Investors who prefer bonds could consider the iShares Global High Yield Bond (AUD Hedged) ETF (ASX:IHHY) which invests in high yield corporate bonds across developed markets and pays a distribution three times a year.2 

“The issue is that yields (on bonds) have just been so low, so if you want yield you have to play credit, and that is at the higher risk end of the market,” Walsh says.

Another potential risk highlighted by both Lakomy and Walsh is in trying to time the market to coincide with rising rates. “We are certainly going into a cycle where rates should be increasing,” says Walsh. “The debate is how much and how quickly.”

Higher rates a benefit for some stocks

Lakomy says the risk for investors is that they pay up for investments in expectation of rate increases that may not happen.

Stocks that benefit from rising interest rates – such as banks who can expand their interest margins and insurers who have large holdings of bonds that benefit from rising rates – are among the traditional options.

Lakomy says she also looks for infrastructure investments such as toll roads, transmission lines, phone towers and airports that have long-dated concessions providing security of income. However, consolidation and takeovers by local and offshore pension funds have narrowed the local investment options such that investors often need to look offshore for opportunities.

Hybrid securities – which have characteristic of both debt and equity – have also grown in popularity, with investors attracted to their higher, usually floating, yield over fixed income securities – some above 4% or even 6%, according to the ASX.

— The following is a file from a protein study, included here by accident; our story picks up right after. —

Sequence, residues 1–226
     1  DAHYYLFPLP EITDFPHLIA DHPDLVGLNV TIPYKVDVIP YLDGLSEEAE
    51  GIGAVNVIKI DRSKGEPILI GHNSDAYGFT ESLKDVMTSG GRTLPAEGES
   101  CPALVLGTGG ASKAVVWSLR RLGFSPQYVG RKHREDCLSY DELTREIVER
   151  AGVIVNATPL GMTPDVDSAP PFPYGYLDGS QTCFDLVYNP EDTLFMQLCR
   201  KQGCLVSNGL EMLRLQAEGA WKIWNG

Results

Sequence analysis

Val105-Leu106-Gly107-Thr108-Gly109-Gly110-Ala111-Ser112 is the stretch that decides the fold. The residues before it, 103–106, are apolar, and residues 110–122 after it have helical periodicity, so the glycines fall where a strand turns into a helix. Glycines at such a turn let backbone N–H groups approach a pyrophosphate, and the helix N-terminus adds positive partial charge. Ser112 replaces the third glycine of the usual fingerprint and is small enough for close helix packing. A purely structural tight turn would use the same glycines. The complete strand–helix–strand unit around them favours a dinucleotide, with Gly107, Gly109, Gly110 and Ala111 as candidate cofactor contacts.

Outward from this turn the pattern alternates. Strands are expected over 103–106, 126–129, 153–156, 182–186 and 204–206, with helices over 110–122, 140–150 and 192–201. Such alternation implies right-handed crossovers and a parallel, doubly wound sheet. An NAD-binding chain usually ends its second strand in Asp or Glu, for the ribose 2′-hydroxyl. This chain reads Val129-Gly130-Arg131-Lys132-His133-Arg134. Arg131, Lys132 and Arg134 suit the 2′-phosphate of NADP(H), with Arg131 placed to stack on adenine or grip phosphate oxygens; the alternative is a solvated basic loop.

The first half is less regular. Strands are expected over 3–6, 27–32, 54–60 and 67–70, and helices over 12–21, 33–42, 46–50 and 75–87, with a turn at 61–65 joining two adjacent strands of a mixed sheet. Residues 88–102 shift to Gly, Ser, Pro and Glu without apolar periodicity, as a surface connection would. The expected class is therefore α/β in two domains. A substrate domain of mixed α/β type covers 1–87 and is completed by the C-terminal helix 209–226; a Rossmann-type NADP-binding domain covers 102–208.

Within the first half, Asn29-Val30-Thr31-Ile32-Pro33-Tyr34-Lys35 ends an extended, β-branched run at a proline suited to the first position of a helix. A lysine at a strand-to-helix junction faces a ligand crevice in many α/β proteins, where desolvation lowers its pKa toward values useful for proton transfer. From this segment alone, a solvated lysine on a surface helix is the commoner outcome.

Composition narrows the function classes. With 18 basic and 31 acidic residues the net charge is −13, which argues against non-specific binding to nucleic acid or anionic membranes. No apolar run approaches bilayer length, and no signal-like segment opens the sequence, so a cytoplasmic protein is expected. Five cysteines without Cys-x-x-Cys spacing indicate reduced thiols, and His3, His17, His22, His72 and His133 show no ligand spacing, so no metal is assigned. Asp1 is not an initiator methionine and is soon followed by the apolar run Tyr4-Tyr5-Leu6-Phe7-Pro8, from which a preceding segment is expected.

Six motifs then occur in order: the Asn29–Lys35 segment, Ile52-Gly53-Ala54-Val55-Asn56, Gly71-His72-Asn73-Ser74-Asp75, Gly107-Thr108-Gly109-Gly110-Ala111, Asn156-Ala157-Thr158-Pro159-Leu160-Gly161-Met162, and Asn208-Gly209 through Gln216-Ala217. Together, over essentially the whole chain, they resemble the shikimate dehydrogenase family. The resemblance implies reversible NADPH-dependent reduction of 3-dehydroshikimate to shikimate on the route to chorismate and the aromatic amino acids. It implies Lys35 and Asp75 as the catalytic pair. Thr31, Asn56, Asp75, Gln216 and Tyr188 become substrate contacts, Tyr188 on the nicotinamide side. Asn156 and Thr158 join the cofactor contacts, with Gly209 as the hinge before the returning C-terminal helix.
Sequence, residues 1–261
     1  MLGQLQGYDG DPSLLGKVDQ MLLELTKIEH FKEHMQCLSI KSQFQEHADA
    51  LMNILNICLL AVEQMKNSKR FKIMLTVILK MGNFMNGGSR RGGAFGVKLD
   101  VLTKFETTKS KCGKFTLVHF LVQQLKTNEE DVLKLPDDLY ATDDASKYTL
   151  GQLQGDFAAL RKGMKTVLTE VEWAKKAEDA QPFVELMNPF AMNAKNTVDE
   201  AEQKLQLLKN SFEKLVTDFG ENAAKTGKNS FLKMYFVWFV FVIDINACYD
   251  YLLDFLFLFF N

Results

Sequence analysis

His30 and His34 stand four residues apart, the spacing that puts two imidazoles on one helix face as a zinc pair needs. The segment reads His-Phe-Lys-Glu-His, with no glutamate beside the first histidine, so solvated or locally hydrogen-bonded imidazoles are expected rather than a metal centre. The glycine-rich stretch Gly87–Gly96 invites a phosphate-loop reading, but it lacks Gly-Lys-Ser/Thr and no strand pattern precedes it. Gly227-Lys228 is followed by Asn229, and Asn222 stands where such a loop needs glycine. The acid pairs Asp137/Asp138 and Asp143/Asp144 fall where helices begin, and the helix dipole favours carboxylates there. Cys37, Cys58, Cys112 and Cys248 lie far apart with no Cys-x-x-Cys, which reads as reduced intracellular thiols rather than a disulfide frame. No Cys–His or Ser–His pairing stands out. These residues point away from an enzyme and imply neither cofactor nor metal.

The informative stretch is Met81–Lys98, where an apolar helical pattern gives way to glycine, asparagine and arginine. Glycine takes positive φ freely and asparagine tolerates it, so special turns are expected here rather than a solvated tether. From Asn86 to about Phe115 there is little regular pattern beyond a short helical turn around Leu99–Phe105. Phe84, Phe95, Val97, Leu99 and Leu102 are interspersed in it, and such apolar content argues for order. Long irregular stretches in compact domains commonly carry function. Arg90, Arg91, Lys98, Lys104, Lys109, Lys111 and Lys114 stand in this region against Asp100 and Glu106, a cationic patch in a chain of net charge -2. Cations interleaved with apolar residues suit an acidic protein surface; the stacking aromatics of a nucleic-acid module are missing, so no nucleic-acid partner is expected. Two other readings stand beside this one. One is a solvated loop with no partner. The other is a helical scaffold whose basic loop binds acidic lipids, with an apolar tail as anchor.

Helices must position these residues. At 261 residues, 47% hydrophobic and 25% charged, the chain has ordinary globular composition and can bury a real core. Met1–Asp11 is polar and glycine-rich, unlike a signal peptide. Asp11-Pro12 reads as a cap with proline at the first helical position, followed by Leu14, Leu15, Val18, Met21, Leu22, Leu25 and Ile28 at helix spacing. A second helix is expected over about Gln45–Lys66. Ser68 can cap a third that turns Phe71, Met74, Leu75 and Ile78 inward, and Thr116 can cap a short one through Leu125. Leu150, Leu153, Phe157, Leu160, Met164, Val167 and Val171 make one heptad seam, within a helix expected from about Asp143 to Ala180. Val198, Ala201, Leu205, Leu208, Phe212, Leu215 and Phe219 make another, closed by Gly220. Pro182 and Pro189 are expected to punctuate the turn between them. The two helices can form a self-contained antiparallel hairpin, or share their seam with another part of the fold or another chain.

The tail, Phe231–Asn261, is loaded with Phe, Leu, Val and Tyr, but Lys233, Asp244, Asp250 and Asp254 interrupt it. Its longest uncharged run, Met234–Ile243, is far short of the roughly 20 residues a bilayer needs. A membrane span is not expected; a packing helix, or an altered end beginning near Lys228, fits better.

There was $46.9 billion worth of convertible preference shares, capital notes, convertible bonds and hybrid securities listed on the stock exchange at the end of December.3  

Ausiex data shows that in 2021 funds focused on hybrids were among the most popular trades with investors. BetaShares Australian Major Bank Hybrids Index ETF (ASX: BHYB) was the second most popular ETF launched in 2021 and has attracted more than $100 million in investments since launching at the end of April.

Among exchange traded managed funds BetaShares Actively Managed Hybrids Fund (ASX: HBRD) was the second most traded fund and had $1.67 billion of assets and a running yield of 3.38%.4 

Private credit offers an alternative

Investors should be cautious, however, that buying single name hybrids can be difficult. There are a large number of smaller issues and the market is not very liquid, meaning trade orders can move the price against buyer or seller, says Lakomy.

An increasingly popular strategy involves private credit, where asset managers have stepped into a gap left by the banks and lend to companies and property developers, funding the loans from investors. Most investment opportunities are in managed funds, which require investors to lock up their funds for a fixed period. But Metrics Credit Partners has two ASX listed Investment trust (LITs) – the Metrics Income Opportunities Trust (ASX: MOT) and the Metrics Master Income Trust (ASX:MXT) – which are closed-end, typically lend at a floating rate above official cash rates and pay monthly distributions.

Managing partner Andrew Lockhart says the funds are designed to protect investor capital and provide attractive, risk-adjusted returns to investors.

“Because the loans we make are typically at floating rates, investor capital is not at risk from rising interest rates and there is an opportunity for increased total returns to our shareholders,” Lockhart says.

MXT was the second most traded LIT on AUSIEX in 2021.

It’s not yet clear when rates will go up or by how much, but there are plenty of options available for investors who want to prepare and have an income strategy in place.



3 asx-hybrids-monthly-report-dec-2021.pdf